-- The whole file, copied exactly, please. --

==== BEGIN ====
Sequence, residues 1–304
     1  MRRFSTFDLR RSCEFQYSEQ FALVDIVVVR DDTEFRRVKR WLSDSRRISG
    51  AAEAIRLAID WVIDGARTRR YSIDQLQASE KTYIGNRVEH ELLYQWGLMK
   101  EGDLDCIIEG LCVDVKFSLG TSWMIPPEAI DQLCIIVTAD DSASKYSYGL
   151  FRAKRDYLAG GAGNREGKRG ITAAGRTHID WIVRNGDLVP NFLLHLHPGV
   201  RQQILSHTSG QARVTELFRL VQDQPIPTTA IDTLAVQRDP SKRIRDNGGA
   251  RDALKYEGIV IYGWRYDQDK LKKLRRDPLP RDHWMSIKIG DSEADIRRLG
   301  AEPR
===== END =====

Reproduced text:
Sequence, residues 1–304
     1  MRRFSTFDLR RSCEFQYSEQ FALVDIVVVR DDTEFRRVKR WLSDSRRISG
    51  AAEAIRLAID WVIDGARTRR YSIDQLQASE KTYIGNRVEH ELLYQWGLMK
   101  EGDLDCIIEG LCVDVKFSLG TSWMIPPEAI DQLCIIVTAD DSASKYSYGL
   151  FRAKRDYLAG GAGNREGKRG ITAAGRTHID WIVRNGDLVP NFLLHLHPGV
   201  RQQILSHTSG QARVTELFRL VQDQPIPTTA IDTLAVQRDP SKRIRDNGGA
   251  RDALKYEGIV IYGWRYDQDK LKKLRRDPLP RDHWMSIKIG DSEADIRRLG
   301  AEPR